Research Papers: Fundamental Issues and Canonical Flows

An Efficient Method of Generating and Characterizing Filter Substrates for Lattice Boltzmann Analysis

[+] Author and Article Information
John Ryan Murdock

Department of Mechanical
Engineering–Engineering Mechanics,
Michigan Technological University,
Houghton, MI 49931
e-mail: jrmurdoc@mtu.edu

Aamir Ibrahim

Department of Mechanical
Engineering–Engineering Mechanics,
Michigan Technological University,
Houghton, MI 49931
e-mail: aamiri@mtu.edu

Song-Lin Yang

Fellow ASME
Department of Mechanical
Engineering–Engineering Mechanics,
Michigan Technological University,
Houghton, MI 49931
e-mail: slyang@mtu.edu

Contributed by the Fluids Engineering Division of ASME for publication in the JOURNAL OF FLUIDS ENGINEERING. Manuscript received April 9, 2017; final manuscript received September 28, 2017; published online November 23, 2017. Assoc. Editor: Praveen Ramaprabhu.

J. Fluids Eng 140(4), 041203 (Nov 23, 2017) (11 pages) Paper No: FE-17-1216; doi: 10.1115/1.4038167 History: Received April 09, 2017; Revised September 28, 2017

To provide porous media substrates that are quick to generate and characterize for lattice Boltzmann analysis, we propose a straightforward algorithm. The method leverages the benefits of the lattice Boltzmann method (LBM), and is extensible to multiphysics flows. Several parameters allow for simple customization. The generation algorithm and LBM are reviewed, and suggested implementation covered. Additionally, results are discussed and interpreted to evaluate the approach. Several verification tools are employed such as Darcy's law, the Ergun equation, the Koponen correlation, a newly proposed correlation, and experimental data. Agreement and repeatability are found to be excellent, suggesting this relatively simple method is a good option for engineering studies.

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Fig. 1

Sample generated substrate geometry: φ = 50%

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Fig. 2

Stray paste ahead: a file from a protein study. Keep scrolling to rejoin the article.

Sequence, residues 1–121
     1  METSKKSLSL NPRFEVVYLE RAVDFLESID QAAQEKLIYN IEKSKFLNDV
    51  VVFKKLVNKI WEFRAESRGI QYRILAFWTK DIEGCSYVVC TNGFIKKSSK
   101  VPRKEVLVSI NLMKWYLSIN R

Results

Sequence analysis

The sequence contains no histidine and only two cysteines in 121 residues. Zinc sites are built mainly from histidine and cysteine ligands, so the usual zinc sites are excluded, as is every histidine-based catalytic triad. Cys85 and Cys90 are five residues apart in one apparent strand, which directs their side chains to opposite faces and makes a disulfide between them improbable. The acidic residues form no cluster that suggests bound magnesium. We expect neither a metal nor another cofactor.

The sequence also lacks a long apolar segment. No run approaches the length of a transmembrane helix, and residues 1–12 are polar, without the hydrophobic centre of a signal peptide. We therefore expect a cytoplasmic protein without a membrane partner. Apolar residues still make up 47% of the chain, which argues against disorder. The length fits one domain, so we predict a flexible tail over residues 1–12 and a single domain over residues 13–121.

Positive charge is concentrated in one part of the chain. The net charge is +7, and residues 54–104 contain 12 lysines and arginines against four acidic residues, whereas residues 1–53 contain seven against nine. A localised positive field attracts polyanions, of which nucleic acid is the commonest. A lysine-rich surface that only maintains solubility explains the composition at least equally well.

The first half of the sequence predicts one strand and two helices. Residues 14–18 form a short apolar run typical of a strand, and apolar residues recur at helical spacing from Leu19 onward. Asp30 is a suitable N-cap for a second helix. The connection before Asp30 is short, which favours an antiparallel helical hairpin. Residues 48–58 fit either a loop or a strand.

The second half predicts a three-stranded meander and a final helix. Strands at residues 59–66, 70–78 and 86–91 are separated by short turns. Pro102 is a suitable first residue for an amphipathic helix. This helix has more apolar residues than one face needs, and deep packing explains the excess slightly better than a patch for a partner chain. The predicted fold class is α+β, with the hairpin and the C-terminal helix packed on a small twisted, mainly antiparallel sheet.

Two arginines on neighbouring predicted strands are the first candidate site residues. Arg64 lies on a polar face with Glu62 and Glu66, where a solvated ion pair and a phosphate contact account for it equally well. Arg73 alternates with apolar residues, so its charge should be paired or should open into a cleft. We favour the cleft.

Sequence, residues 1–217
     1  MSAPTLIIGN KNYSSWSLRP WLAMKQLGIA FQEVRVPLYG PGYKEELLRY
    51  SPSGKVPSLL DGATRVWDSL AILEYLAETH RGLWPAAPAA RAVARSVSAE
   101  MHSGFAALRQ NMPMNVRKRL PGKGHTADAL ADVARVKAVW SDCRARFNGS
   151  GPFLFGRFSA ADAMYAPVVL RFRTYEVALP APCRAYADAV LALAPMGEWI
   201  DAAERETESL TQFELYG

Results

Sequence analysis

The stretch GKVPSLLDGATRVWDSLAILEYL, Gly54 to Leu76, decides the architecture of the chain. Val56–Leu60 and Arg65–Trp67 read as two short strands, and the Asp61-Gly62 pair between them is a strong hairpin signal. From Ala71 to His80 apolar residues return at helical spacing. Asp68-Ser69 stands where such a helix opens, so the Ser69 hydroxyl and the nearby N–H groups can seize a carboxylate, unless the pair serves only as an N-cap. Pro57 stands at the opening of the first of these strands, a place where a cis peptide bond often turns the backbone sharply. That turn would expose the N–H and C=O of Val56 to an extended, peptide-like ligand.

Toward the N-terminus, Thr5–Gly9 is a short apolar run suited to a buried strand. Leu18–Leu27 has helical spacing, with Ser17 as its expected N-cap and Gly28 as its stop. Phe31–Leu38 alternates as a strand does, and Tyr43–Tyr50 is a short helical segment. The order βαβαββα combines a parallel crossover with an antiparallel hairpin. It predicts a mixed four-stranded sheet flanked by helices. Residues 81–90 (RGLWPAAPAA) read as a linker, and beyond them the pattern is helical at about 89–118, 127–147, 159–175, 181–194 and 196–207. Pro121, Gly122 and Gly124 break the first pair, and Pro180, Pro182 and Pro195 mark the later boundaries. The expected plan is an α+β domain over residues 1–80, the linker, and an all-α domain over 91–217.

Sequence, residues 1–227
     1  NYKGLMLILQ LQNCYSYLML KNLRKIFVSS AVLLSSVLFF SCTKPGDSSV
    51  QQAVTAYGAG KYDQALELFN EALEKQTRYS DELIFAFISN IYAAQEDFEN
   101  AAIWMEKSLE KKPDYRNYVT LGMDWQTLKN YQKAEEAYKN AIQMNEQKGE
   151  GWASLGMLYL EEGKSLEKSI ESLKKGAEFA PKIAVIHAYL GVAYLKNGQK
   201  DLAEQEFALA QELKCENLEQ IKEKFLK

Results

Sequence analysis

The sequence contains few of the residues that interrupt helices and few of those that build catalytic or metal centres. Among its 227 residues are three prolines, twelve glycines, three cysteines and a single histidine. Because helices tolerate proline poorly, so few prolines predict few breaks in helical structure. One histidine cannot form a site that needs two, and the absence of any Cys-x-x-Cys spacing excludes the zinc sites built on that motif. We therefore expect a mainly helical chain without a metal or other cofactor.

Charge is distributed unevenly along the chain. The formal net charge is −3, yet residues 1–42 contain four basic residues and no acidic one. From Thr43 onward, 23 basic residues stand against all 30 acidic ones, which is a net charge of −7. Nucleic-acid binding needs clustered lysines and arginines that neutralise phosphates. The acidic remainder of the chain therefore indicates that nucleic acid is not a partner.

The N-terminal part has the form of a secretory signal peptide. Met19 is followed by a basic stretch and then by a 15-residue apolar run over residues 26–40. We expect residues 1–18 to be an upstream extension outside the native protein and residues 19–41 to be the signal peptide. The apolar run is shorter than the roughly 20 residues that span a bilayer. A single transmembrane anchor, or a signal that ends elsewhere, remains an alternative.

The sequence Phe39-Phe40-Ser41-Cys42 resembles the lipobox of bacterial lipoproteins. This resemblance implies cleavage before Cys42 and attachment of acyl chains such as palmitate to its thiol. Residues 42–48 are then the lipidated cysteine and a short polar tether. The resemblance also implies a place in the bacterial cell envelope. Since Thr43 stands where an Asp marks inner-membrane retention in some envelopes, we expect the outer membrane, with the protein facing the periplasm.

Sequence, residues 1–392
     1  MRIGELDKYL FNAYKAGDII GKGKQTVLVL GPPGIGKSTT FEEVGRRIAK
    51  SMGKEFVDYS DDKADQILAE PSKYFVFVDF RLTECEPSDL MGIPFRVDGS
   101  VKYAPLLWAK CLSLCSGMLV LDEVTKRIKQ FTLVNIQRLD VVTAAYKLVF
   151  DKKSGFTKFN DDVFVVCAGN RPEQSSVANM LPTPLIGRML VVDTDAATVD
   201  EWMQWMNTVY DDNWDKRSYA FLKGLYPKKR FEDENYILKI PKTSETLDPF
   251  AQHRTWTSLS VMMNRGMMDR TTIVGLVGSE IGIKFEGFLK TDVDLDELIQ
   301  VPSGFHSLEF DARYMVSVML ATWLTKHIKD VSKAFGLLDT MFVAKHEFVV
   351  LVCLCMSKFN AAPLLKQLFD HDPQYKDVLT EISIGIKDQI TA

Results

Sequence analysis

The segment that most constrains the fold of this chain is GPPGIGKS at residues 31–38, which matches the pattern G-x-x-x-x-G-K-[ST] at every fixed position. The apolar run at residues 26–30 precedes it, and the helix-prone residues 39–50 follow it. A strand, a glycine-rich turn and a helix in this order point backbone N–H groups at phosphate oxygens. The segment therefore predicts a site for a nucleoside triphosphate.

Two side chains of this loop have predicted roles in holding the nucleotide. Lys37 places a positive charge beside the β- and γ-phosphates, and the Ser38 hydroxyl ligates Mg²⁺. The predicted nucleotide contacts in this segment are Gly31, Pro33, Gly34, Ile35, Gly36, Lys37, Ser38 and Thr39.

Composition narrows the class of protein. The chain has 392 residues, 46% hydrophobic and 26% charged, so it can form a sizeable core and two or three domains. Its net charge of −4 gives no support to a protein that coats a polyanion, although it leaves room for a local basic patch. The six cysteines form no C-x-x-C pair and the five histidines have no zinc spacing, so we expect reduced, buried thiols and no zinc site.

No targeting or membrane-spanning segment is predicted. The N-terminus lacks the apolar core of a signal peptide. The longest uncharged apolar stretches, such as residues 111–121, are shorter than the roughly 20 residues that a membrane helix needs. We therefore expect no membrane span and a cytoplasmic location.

Sample generated substrate geometry: φ = 80%

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Fig. 3

D2Q9 lattice structure

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Fig. 4

Blending functions, W1 (ϕ) and W2 (ϕ) versus porosity (ϕ)

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Fig. 5

Computational filter domain and boundaries

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Fig. 6

Velocity field at 50% porosity (Re 2.6)

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Fig. 7

Velocity field at 80% porosity (Re 49)

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Fig. 8

Porosity versus permeability at multiple velocities

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Fig. 9

Re versus friction factor at multiple velocities and porosities, compared to Ergun equation

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Fig. 10

Nondimensional permeability, K/Dp2 versus ϕ, fit to the Koponen model

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Fig. 11

Semilog plot: Nondimensional permeability, K/Dp2 versus ϕ, fit to the Koponen model

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Fig. 12

Nondimensional permeability, K/Dp2 versus ϕ, fit to the GB model

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Fig. 13

Semilog plot: Nondimensional permeability, K/Dp2 versus ϕ, fit to the GB model

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Fig. 14

Nondimensional permeability, K/Dp2 versus ϕ, fit to the GK model

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Fig. 15

Semilog plot: Nondimensional permeability, K/Dp2 versus ϕ, fit to the GK model

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Fig. 16

Semilog plot: Nondimensional permeability, K/Dp2 versus porosity, ϕ compared with experimental data




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